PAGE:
James and I watched this in two parts, finishing the second part tonight.

Ewoks, damn frickin’ Ewoks.

The rest was pretty decent really, Georgie did a pretty good job on the main story, but he seemed to just take too many happy pills at some point, and dreamed up the Ewok horror which almost borked the whole thing.

Thank goodness for Disney.

Date watched: December 1st
Score (not including Ewoks): 7.5/10
Score (including Ewoks): 3/10
Film count 2017: 136

The Mob

This is a 1952 film noir crime which I found on YouTube. The uploader had titled it “Charles Bronson/Broderick Crawford Mob”.

It turns out though that this was one of The Bronson’s first film appearances, and he had only one short scene where he spoke just one line. He was also uncredited.


The Bronson, left, next to Broderick Crawford.

The rest of the cast though were pretty good, especially Broderick Crawford (a very prolific actor, mostly B-grade stuff) as a hard-nosed cop who goes undercover to bust up a New York waterfront crime ring. Ernest Borgnine had a role as a union thug, he was aces of course.

The cop had to find out who the mysterious leader of the crime ring was, and to do so he had to become a longshoresman and talk tough to get noticed, and get involved in some hard-boiled action.

For the day this film was probably a bit more violent than usual, there were a few shootings, and a gnarly fist fight between the cop and The Borg’s right-hand man.

Most of the actors in this film were at least 40, including the lead actor playing the cop, something you would not see in an action film today… except anything with Arnie and Stallones.

As I have mentioned in other reviews, these old films are great because they don’t rely on the F-bomb or other cussing to spice up the dialogue, it is just simple no-nonsense tough talk with rough, but not blood-and-guts, action. Yep, those were the days.

This is more of a B-grade film, but still an enjoyable one.

Date watched: November 25th
Score: 7.5/10
Film count 2017: 134

Jim & Andy: The Great Beyond – Featuring a Very Special, Contractually Obligated Mention of Tony Clifton

I am a fan of both Jim Carrey and Andy Kaufman, so this was an essential watch.

This is a documentary about the making of the Jim Carrey film “Man on the Moon”, and also about Andy Kaufman. Sitting in a studio, sporting a full beard, Jim is interviewed about the film and comments on previously unseen footage that is shown throughout the documentary.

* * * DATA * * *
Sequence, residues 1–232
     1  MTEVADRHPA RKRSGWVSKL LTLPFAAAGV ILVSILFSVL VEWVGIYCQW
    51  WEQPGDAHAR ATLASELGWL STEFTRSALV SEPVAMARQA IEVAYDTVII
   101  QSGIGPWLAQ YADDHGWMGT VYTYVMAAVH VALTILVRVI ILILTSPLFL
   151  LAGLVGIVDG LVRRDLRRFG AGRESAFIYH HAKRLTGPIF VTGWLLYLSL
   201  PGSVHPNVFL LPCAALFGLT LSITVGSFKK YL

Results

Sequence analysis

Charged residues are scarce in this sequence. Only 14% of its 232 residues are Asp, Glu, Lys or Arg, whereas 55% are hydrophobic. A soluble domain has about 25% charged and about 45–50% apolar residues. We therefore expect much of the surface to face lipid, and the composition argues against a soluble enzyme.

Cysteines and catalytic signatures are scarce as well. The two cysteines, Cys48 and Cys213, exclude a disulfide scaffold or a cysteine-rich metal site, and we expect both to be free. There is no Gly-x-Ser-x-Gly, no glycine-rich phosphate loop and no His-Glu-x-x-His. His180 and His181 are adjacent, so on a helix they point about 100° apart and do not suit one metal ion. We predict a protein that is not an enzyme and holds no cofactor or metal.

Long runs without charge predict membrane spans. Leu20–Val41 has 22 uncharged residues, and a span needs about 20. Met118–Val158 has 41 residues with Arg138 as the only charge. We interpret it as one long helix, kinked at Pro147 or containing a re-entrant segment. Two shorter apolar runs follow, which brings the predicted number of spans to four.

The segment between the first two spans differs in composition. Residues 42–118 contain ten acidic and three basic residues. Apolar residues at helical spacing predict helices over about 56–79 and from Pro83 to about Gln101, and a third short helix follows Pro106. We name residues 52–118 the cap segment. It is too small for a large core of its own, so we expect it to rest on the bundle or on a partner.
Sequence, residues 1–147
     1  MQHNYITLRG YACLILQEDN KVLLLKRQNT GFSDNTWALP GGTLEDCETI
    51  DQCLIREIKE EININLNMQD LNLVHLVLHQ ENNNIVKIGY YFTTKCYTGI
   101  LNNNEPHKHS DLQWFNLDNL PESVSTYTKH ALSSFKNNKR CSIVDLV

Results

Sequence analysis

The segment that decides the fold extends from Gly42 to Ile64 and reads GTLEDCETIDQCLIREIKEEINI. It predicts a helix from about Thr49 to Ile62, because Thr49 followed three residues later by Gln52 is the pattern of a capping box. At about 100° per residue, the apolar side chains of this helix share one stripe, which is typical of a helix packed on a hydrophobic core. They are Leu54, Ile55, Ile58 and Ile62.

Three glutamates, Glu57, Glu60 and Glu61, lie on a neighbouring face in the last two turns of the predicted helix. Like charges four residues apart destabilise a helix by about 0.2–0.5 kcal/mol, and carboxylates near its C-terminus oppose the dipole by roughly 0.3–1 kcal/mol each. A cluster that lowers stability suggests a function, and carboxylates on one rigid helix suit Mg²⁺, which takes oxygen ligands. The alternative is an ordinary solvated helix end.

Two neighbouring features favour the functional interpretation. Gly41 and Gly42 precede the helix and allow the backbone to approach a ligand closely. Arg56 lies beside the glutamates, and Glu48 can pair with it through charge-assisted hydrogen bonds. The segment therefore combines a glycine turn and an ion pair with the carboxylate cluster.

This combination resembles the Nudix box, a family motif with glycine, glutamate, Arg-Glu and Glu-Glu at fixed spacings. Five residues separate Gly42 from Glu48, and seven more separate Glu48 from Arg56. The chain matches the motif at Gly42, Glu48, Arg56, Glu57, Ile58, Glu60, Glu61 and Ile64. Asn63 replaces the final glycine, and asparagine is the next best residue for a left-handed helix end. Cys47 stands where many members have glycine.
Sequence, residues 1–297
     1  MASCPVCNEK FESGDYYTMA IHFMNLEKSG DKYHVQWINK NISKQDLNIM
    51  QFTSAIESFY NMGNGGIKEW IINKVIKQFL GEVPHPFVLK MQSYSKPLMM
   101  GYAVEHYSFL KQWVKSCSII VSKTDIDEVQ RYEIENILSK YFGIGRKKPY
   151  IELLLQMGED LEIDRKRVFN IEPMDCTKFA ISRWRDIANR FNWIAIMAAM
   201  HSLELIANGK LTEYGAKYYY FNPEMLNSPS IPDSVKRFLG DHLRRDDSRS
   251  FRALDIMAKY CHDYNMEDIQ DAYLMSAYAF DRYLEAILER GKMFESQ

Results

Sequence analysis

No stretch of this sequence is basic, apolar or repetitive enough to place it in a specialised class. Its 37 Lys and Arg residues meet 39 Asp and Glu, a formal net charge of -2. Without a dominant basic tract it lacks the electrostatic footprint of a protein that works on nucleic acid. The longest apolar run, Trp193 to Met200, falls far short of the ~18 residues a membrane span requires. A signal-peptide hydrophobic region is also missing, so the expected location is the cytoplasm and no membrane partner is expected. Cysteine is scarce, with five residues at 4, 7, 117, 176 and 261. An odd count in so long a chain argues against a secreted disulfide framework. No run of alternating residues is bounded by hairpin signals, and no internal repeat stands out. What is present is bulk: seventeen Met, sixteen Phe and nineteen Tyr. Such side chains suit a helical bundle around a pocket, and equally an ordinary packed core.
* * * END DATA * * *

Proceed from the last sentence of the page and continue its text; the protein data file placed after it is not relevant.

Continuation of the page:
Jim actually went into full Method acting throughout the making of the film, between shots he was either Andy Kaufman or Tony Clifton, the whole time. I thought he took it a bit too far as he was really getting on people’s nerves at times, and really pissed Jerry Lawler off. In reality Andy Kaufman and Jerry Lawler were friends and were both in on the joke as far as the wrestling goes. Jim though treated his relationship on set with Lawler the same as the one we saw in the famous David Letterman appearance. Then again, perhaps the behind the scenes footage was also staged, and the behind the scenes of the behind the scenes will show a normal Jim Carrey.

But, apart from the Jim Carrey histrionics it was an interesting look into the minds of Andy Kaufman and Jim Carrey.

Jim hasn’t really made a funny film for quite some time now, and it appears he has no major film coming up.

Date watched: November 23rd
Score: 7.5/10
Film count 2017: 132

The Decline of Western Civilization Part II: The Metal Years

This is a 1988 documentary about metal, and mostly about glam metal or hair metal.

While I do like a bit of metal, I cannot stand those old hair metal bands, most of them are fake and play terrible music, some still continuing to do so today somehow. However, this documentary was well made and told, and some of the interviews (some were faked or staged according to Wikipedia) were quite funny. The bassist of W.A.S.P. was interviewed lying on a pool floaty thing, clothed in his metal garb and swigging from a Smirnoff bottle. He was quite blotto, and to make it even more cringe-worthy his mother was sitting poolside. Read this article about the interview, funny stuff.

There were interviews with bands like Odin and Seduce which at the time were convinced they were going to be the next Guns ‘n’ Roses or Ratt, but didn’t get anywhere. There were interviews with Aerosmith (they mostly talked about their drug and alcohol addiction), Alice Cooper, Paul Stanley of Kiss (lying on a large bed with scantily clad ladies around him), Dave Mustaine, and good ol’ Lemmy from Motorhead who was the most sensible one of all. The best though was Ozzy Osbourne (interviewed while cooking bacon in a kitchen, all staged it turns out), who was just plain funny, and while comprehensible (unlike these days) was probably on something at the time.

So, despite being about hair metal it was quite fun to watch, kind of an enjoyable train wreck as you knew most the the bands in this were soon to disappear. Here is an article about the main protagonists in the film.

Date watched: November 4th
Score: 7.5/10
Film count 2017: 124